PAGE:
Limitations of Milton's Concept
Milton's concept of poetry suffers from several inadequacies and Limitations. Firstly, he has no belief in the entertainment value of poetry. He is oblivious of the recreational side of poetry. He only thinks of poetry as a means to an end, the end being the improvement of the moral tone of individuals and society. His Puritanism stood in the way of appreciating the function of delight and aesthetic joy which the earlier poets had stressed—to convert poetry into a channel of religious philosophy of moral edification is to inhibit the realms of poetry.
Secondly, Milton regards poetry as a reflection of the author's personality and character. Poetry, however, cannot be limited to subjective poetry. There is something like objective and dramatic poetry where the poet enters into the mind and personality of his characters. Keats calls it "negative capability" of the poet. Any way to estimate poetry to the poet's character is a serious limitation to Milton's view of poetry. Thirdly, according to Milton, the poet himself should be a true poem, that is he should possess the experience and practice of all that is praiseworthy. He should be a model of religion and morality.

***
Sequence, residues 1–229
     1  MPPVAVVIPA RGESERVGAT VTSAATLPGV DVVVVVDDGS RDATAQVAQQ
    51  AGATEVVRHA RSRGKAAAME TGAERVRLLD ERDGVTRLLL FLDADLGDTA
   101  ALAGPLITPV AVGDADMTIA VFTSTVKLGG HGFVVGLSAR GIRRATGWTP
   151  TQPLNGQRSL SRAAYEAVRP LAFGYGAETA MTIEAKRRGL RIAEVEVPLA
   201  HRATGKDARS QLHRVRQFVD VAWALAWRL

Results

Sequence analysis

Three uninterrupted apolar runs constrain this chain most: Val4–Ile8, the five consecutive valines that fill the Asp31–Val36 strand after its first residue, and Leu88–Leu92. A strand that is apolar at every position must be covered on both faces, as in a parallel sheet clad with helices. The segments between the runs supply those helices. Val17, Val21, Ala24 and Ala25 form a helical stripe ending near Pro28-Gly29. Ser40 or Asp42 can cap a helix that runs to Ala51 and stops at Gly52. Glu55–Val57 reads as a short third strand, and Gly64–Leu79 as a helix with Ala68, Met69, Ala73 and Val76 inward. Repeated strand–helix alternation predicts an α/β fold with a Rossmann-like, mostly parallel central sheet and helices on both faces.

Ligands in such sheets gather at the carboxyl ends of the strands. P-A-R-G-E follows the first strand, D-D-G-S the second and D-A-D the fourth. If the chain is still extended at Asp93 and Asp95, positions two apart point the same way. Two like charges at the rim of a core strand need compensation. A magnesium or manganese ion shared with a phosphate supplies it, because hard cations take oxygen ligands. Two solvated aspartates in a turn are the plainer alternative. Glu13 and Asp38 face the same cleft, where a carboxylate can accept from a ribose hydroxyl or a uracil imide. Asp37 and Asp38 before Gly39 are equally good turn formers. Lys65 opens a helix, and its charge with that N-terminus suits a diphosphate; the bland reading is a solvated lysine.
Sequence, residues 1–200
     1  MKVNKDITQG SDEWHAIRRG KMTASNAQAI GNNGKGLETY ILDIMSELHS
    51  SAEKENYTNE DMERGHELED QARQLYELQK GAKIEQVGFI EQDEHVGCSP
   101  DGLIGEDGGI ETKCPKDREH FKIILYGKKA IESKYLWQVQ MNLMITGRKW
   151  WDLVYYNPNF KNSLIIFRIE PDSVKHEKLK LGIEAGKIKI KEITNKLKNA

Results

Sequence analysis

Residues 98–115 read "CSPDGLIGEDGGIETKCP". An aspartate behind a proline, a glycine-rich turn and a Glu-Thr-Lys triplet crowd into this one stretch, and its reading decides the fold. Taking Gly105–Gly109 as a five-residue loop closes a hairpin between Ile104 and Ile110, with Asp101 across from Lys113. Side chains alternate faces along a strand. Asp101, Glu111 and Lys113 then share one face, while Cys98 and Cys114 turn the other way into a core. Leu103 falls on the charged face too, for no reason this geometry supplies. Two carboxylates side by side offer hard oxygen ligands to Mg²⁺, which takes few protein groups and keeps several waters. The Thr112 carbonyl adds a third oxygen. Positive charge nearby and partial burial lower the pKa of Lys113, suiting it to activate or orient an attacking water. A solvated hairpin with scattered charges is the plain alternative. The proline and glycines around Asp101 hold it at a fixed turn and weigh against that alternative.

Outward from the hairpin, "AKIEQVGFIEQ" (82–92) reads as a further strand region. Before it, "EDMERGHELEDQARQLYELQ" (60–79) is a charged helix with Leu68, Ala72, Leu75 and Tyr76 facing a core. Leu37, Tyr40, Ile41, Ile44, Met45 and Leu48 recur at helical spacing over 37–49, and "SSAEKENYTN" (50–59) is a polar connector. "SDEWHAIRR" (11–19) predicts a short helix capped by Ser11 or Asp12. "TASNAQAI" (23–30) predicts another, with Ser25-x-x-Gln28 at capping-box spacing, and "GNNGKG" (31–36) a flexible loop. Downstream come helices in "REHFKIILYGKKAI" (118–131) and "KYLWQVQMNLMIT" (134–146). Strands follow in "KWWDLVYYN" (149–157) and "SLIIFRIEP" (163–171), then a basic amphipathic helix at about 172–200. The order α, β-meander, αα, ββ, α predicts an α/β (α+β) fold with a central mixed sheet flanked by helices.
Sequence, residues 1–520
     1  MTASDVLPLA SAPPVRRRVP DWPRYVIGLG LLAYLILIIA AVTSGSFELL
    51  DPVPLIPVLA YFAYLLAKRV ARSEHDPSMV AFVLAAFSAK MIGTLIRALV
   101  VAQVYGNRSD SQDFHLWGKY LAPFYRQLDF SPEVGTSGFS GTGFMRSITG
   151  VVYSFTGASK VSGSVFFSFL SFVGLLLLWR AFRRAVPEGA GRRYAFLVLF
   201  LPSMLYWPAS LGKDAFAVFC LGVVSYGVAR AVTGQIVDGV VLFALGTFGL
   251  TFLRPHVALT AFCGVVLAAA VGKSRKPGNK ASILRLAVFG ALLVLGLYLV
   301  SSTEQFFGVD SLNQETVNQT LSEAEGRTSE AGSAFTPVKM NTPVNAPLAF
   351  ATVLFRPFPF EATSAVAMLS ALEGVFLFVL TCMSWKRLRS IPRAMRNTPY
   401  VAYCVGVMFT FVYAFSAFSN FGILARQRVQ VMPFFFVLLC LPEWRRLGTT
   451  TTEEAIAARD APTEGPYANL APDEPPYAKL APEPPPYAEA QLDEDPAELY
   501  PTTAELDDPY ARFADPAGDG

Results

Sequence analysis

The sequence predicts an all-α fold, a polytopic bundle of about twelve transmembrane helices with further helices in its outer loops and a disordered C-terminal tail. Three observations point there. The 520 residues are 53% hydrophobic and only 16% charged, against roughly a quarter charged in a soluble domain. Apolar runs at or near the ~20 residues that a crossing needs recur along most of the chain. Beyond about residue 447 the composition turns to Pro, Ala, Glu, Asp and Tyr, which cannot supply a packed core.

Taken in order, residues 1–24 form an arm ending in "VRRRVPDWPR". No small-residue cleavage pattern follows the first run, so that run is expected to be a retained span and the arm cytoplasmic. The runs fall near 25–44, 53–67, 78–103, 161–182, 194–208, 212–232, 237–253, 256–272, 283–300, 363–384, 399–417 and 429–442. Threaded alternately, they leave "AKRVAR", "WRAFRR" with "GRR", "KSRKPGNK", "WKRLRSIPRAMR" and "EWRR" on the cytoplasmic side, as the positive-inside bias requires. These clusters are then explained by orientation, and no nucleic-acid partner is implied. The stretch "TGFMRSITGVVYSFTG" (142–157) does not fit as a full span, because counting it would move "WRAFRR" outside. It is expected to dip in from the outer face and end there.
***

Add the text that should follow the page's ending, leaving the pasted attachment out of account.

Moreover, Milton's poetry does not conform strictly to his theory. There is a gulf between his theory and practice. In spite of his highly ethical tone, Milton's sympathies are with Satan who becomes, in sense, the hero of Paradise Lost. Perhaps the epic should have gained in appeal if Milton had paid attention to aesthetics and depicting the beauty and colour of the heavenly world, instead of emphasising the moral intention of the story. The poetry of Paradise Lost would have certainly gained in appeal if Milton had been more of an artist and less of a politician and Puritan.